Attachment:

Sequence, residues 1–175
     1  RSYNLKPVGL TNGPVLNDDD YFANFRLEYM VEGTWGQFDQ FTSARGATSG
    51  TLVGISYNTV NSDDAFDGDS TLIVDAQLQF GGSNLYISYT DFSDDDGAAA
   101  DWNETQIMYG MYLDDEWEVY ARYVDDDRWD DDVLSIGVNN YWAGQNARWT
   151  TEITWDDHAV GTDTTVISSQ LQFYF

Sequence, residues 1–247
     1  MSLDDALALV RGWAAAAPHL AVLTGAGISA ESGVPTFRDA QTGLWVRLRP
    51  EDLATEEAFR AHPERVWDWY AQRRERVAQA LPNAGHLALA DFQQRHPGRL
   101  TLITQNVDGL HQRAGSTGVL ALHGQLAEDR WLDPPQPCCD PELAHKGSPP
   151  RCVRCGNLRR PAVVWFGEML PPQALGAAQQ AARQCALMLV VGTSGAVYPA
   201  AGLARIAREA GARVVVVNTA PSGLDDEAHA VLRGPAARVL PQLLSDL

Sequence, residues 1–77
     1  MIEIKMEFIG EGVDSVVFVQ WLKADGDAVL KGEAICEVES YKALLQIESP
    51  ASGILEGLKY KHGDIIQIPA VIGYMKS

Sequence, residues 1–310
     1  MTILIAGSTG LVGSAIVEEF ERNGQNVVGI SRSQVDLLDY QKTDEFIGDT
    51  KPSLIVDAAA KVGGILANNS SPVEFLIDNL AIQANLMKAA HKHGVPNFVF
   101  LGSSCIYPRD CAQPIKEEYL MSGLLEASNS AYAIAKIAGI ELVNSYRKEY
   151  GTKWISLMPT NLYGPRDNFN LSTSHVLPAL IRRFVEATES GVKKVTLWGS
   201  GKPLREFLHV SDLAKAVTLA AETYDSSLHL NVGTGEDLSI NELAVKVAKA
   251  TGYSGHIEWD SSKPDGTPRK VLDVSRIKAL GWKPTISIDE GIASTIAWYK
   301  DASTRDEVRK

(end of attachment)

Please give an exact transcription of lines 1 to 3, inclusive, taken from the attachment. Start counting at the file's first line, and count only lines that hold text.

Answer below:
Sequence, residues 1–175
     1  RSYNLKPVGL TNGPVLNDDD YFANFRLEYM VEGTWGQFDQ FTSARGATSG
    51  TLVGISYNTV NSDDAFDGDS TLIVDAQLQF GGSNLYISYT DFSDDDGAAA